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Michael Epstein wins back Malibu Triathlon permit over Super League Triathlon

"This decision sets a dangerous precedent for the wider industry"

Photo by: Malibu Triathlon/ Ryan Bethke

After a month of waiting, Malibu City Council has awarded the permit to put on a triathlon in Malibu to former race owner Michael Epstein. The Zuma Beach Triathlon will take place on September 14 and 15, 2024.

“Having successfully produced triathlons at Zuma Beach for 34 years while raising over 15 million dollars for Children’s Hospital Los Angeles, I am humbled, thankful and grateful to have the Zuma Foundation be given this privilege by Malibu’s City Council for the next 5 years,” Epstein wrote in an email to previous participants earlier today.

We’ve reported extensively on the situation with the Malibu Triathlon (see the link below for our last story after Malibu City Council deferred the permit process for a month at it’s December meeting and other links to our coverage). Here’s the quick version of what’s going on: Race founder Michael Epstein sold the Malibu Triathlon to Motiv sports, which then sold the event to Super League Triathlon. In early 2023 the city of Malibu created a “Road Race Ad Hoc Committee” to decide which organizations should get the two permits the city gives out for a running race and a triathlon every year. Suddenly Super League Triathlon was competing for the rights to put on a race it had purchased three years before. That committee decided to give the Zuma Foundation (run by Epstein) the triathlon permit.

According to Epstein’s email today, the Zuma Beach Triathlon will have a corporate challenge which will fundraise for the Children’s Hospital Los Angeles.

Malibu Triathlon decision punted to January council meeting

Super League Responds

Super League Triathlon also sent an email to previous participants earlier today:

We are extremely disappointed by the decision of Malibu City Council to award a permit for a triathlon to a former owner, who has sold the triathlon in the past for commercial gain. Super League remains the legal owner of the event’s IP, and this decision sets a very dangerous precedent for the wider industry and all who want to promote health and wellness by investing in sporting events.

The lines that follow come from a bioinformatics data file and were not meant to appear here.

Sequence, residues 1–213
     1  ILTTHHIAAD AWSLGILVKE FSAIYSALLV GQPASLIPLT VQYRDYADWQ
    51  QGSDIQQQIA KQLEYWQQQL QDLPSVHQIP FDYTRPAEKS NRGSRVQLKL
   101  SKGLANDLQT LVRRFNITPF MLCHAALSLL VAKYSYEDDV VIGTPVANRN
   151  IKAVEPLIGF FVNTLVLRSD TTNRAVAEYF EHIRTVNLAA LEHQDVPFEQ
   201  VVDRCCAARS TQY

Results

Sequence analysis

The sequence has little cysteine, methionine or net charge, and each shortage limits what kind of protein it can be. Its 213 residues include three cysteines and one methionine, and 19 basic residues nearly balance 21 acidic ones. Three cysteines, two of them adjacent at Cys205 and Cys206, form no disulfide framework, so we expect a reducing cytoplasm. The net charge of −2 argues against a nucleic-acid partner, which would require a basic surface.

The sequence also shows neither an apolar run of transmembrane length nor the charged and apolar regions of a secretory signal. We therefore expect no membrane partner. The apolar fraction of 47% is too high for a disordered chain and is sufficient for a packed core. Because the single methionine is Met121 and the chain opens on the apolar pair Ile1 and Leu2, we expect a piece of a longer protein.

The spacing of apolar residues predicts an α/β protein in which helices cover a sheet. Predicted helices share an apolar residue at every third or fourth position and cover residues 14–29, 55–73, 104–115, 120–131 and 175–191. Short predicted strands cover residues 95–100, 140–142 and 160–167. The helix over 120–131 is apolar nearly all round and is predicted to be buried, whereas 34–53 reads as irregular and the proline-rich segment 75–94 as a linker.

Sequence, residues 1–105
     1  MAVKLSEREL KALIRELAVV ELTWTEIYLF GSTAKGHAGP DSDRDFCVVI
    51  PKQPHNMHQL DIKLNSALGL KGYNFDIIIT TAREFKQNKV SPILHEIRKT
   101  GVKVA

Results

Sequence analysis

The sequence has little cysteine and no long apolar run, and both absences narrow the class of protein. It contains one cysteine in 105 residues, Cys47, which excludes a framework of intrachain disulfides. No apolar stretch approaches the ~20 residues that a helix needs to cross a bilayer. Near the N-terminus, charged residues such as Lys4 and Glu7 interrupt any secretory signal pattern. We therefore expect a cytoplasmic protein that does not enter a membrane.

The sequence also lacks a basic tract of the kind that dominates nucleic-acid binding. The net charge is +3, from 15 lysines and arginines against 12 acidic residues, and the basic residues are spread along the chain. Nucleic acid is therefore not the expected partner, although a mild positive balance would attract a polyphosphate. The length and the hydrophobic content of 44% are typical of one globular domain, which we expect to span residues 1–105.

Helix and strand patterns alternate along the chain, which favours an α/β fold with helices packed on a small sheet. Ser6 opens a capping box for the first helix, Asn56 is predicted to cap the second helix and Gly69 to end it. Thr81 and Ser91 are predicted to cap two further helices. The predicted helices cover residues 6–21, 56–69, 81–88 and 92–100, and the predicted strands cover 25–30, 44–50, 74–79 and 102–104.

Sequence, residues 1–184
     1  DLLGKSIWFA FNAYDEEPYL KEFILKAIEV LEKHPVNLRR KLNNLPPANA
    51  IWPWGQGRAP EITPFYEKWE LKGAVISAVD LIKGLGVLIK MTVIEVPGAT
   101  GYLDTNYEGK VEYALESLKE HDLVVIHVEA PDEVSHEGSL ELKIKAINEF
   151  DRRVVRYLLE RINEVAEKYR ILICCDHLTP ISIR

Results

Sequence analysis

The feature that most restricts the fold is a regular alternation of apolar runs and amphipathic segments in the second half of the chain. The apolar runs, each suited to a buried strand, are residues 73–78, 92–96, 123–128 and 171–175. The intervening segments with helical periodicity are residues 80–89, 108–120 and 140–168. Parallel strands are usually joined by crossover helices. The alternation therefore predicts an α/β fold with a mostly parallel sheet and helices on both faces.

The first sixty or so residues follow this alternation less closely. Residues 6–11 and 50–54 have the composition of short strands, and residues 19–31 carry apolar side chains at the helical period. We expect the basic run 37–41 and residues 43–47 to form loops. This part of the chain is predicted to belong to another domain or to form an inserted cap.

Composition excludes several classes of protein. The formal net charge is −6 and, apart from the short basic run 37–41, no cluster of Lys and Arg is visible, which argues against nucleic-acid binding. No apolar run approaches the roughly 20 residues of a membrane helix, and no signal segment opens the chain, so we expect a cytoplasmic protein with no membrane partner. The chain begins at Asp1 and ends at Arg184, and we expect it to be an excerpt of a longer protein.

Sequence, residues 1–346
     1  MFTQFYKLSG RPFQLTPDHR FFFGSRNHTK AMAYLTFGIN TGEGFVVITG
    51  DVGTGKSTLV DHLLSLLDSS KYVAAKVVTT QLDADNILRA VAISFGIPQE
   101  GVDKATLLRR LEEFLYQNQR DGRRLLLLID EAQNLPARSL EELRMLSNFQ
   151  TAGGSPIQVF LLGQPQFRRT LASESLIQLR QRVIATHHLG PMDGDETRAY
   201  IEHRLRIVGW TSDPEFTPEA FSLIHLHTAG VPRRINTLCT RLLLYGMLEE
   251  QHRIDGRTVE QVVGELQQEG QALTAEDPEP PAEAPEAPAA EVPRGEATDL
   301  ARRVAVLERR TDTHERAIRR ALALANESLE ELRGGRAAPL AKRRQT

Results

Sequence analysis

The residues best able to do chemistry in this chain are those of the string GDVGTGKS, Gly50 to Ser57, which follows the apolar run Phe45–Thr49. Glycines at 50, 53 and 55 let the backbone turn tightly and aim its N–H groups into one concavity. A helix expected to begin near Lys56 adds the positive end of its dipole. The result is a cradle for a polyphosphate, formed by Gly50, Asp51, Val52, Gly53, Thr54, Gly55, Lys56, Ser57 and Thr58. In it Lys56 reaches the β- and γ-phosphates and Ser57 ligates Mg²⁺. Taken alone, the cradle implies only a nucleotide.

Super League Triathlon has owned Malibu Triathlon since 2020 and steered it through the challenging times of COVID, raising substantial funds for Children’s Hospital Los Angeles (CHLA) as well as revitalizing a race with a tremendous history and legacy in the sport.

The decision not to award a new permit ends 38 years of the Malibu Triathlon® as we know it and its proven substantial fundraising for CHLA, which has brought in $18 million for pediatric cancer research, as well as being an important part of the community and delivering support for a significant number of local charities and businesses.

There has been a disappointing lack of clarity around the decision-making criteria during the RFP process. We have asked the City Council many times for a meeting to discuss the criteria used in this process as we have been ready to satisfy any and all requirements, but have not received a response.

Super League Triathlon will undertake all necessary measures to protect our IP and to robustly question both this process and the outcome, as well as to defend the wider sport event industry.

We would like to thank all of the partners, staff, and supporters that have made this event such a huge success, and of course the many thousands of participants who have provided incredible inspiration for us to continue to deliver a world class event.

Last month Super League announced that it would be taking over the Long Beach Legacy Triathlon from USA Triathlon, which takes place on July 20 to 21, 2024.


We’ve reached out to Epstein for comment about this latest turn of events. As Super League points out, the decision sets an interesting precedent that could very well affect companies looking to invest in sporting events in the future.

That said, at some level this is simply business. Ironman famously “lost” Ironman Canada in Penticton when the city decided to give the race permit to Challenge. (That event was short-lived and Ironman eventually returned to Penticton.) As we pointed out in our last story on this issue: “Buying a race is one thing, but if you can’t get a city permit to put it on, your investment isn’t worth much.”